Thursday, February 10, 2011

The Genesis and Anatomy of Running an Event - Part 1: The Backgrounder

As a Meetup, Raleigh Tabletop RPGs (RTR) has cleared large 9 events and are looking at more in the future. These have gone from the wildly successful to just enough for a table.

At each I've asked myself, "what made this event successful?" or "why did this event not live up to expectation?". Sometimes I even ask myself "why do I do this?", but that question is only asked when I stress myself out. The good news, is that all these events have been a positive learning experience for me. I think I'm the better GM for it, and I'd like to share why.

I also want to share with anyone looking at doing their own event, the ins and outs, what makes success how I see it, and what makes not-so-success. Also, I'll share what works and what was cast to the wayside.

What do we define as an "event"?
As a Meetup group, RTR is pretty busy. We cater to private games and gathering gamers together socially. In short, we provide places and reasons for gamers to network. Occasionally, RTR goes a bit bigger in order to net more gamers and put an interesting spin on the games we play. These larger gaming gatherings are our "events". We usually set a theme, and everyone who is interested in playing volunteers to host a game and RTR gathers the players. We hope that in the process, we bring more gamers together to sample each others handiwork and gaming skills. A proud moment is when gamers find the games and gamers they like to share a table with.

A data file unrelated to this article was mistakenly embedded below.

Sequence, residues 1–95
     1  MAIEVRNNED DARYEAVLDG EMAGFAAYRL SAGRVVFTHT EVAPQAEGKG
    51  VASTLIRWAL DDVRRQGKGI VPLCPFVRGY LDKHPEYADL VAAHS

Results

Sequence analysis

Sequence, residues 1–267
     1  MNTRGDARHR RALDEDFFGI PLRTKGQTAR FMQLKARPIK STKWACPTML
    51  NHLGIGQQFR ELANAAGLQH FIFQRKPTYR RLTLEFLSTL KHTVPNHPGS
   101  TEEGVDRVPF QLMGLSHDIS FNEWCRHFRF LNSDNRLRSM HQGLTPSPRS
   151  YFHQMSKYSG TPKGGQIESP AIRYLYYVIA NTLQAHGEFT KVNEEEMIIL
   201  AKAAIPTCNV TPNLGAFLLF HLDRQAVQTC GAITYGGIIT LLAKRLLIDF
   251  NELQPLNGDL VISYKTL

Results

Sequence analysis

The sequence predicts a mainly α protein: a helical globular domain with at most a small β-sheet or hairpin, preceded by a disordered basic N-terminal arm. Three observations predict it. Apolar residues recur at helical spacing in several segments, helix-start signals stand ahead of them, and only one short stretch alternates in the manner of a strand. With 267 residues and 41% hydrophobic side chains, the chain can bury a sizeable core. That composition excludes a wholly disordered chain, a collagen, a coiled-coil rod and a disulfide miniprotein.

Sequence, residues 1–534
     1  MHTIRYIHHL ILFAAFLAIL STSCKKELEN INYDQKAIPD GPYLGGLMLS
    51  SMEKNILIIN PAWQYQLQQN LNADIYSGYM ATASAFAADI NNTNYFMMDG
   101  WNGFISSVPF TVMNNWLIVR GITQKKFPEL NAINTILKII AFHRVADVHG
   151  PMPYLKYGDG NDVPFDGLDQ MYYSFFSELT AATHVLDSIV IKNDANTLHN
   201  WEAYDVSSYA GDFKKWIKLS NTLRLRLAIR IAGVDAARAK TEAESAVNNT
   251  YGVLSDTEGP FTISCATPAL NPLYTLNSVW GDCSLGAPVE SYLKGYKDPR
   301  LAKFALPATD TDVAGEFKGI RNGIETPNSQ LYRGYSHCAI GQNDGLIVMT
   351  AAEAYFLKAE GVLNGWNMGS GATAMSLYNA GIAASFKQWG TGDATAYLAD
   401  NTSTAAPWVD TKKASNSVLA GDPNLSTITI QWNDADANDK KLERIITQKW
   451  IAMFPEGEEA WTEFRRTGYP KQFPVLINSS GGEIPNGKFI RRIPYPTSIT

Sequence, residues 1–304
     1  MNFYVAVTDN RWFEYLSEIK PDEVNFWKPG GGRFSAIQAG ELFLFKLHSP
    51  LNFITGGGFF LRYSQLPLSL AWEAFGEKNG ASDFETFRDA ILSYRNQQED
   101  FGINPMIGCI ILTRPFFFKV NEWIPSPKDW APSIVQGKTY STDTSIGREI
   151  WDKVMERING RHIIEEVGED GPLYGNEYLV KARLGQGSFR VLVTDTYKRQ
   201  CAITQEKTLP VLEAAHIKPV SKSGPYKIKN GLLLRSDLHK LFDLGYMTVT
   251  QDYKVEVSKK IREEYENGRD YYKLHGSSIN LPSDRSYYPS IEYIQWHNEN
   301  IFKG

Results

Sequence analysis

Why do I do this?
Apart for being one of those questions I ask when I stress, there always has been an answer for it. I've never been one to run big things, although I am a stickler for group cohesion and morale. Although I've been a gamer for a bit over 30 years, I've also enjoyed other hobbies, namely military reenacting. As a reenactor, you can either participate in events that are 1 to 8 hours away, or you can create your own mojo locally. I've seen where a well organized event can energize a reeacting group's desire to do more events, engage its members and bring in new people. I've since wondered the same about a gaming group. Would holding local gaming events help dormant players come out? I thought - "you don't know until you do it!" - which has since become my personal motto.

Less is more
The biggest fact I've learned is that gamers like new and shiny. That's not a bad thing, it's rather good for the game publishing industry. They also like things they can plan to go to and savor the new and shiny. This is where I learned that less is more. When RTR scheduled and hosted its first event, Dark Carnival (which was a World of Darkness themed event) in 2010, it was mildly successful in terms of players who showed. Everyone who showed really enjoyed it, and for its size, was the best rated event that RTR has hosted. There was a spark that made it special, and set the pace for the next event three months later, The Age of New Wonders.

Aside from some minor venue problems, The Age of New Wonders was another hit. This is where I experienced a little bit of hubris. I had the idea of going from quarterly events to bi-monthly. I took in ideas from the membership. Soon, I was backed and stacked with an event every month from July to October. Many people voted on these ideas and I had dreams of larger and larger gatherings. Or so I thought.